To be frank with you, it took some time for me to appreciate the greatness of Orson Welles’ “Citizen Kane” (1941), which has been regarded as one of the greatest works in the history of cinema during last several decades. When I watched it for the first time in 1996 via a cheap video tape copy, I merely regarded it as one of the classic films I was obliged to watch, and it was just another familiar tale of power, ambition, and loss to me at that time. When I watched it again in 2003 via a copy of the local 3-disc DVD edition, I was surprised to discover what a fresh and exciting piece of work it actually is in terms of storytelling as well as filmmaking, and my admiration and enthusiasm toward it have only grown more and more during last 17 years.
The local 3-Disc DVD edition, which I am still keeping at present despite its rather dubious production background, has only three supplements, and one of them is Benjamin Ross’ 1999 HBO film “RKO 281”, whose very title came from the studio production number of “Citizen Kane”. While David Fincher’s recent Netflix film “Mank” (2020) adamantly sticks to Welles’ co-writer Herman J. Mankiewicz’s bitter viewpoint on how he came to write “Citizen Kane”, “RKO 281” mainly presents Welles’ viewpoint on the production of “Citizen Kane” in addition to paying some attention to Mankiewicz and several other real-life figures revolving around Welles, and the result is a vivid and compelling presentation of that troubled history surrounding the making of “Citizen Kane”.
At the beginning of “RKO 281”, a black and white newsreel scene, which is evidently influenced by the “News on the March” sequence in “Citizen Kane”, gives us a succinct summary on the meteoric rise of Welles during the 1930s. While recognized as a new boy wonder of Broadway thanks to several critical successes achieved by him and his famous theater company, Welles went further as doing a number of notable radio shows, and then he reached to the top thanks to his infamous radio adaptation of H.G. Wells’ “The War of the Worlds” in October 1938. After boldly conquering both theater and radio in New York City, he was certainly willing to move onto another artistic field to challenge him, and that was why he subsequently accepted an offer from the RKO Studios in Hollywood, which guaranteed to him the unprecedented total artistic control over the first movie to be directed by him.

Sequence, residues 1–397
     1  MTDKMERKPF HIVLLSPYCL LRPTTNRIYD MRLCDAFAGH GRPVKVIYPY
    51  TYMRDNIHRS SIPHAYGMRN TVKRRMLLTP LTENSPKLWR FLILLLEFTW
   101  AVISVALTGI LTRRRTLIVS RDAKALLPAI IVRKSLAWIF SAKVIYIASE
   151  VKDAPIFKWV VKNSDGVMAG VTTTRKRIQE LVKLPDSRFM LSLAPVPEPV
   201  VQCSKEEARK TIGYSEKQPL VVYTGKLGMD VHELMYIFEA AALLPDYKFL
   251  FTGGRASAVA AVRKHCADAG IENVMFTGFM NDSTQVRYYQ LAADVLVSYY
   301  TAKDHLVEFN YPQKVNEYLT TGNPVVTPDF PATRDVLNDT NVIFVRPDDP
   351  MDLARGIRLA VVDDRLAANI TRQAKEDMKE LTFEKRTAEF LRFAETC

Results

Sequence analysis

The first act of “RKO 281” revolves around Welles’ struggle to find a project ambitious enough for him and his growing reputation. While he has surely made a big impression on the folks of Hollywood with his glorious entrance, Welles, played by Liev Schreiber, soon finds himself running out of time without anything to be greenlit by RKO and its current president George Schaefer (Roy Scheider), and then there comes a serendipitous moment when he happens to be invited to the big manor of newspaper tycoon William Randolph Hearst (James Cromwell) in San Simeon, California. While getting the glimpses on the private life of Hearst and his longtime mistress Marion Davies (Melanie Griffith), Welles comes to have a brilliant story idea for his first movie, and then he persuades Mankiewicz to write the screenplay based on that. As your average jaded Hollywood writer, Mankiewicz, played by John Malkovich, is not so reluctant at first, but he eventually agrees to work for Welles because, well, it looks like the last opportunity in his dwindling movie career which has been deteriorated by his alcoholism. Having been one of Hearst and Davies’ regular guests for years, Mankiewicz surely knows some interesting personal facts about them, and he does not hesitate to use these facts including the pet name for Davies’ certain body part during his following creative process with Welles.
While he did his best for completing the screenplay within a short period of time as demanded by Welles, Mankiewicz is also well aware of the big danger of what he and Welles are attempting to do, so he sincerely warns Welles on that. Although he is not as rich and powerful as he once was, Hearst still can wield considerable power and influence over the presidents and executives of those major Hollywood movie companies including Louis B. Meyer (David Suchet), and it is only a matter of time before he comes to learn of what Welles’ first movie is about. Nevertheless, Welles decides to take risks mainly because he believes that his movie will draw more publicity due to Hearst, and Schaefer and RKO go along with his decision despite having understandable concerns.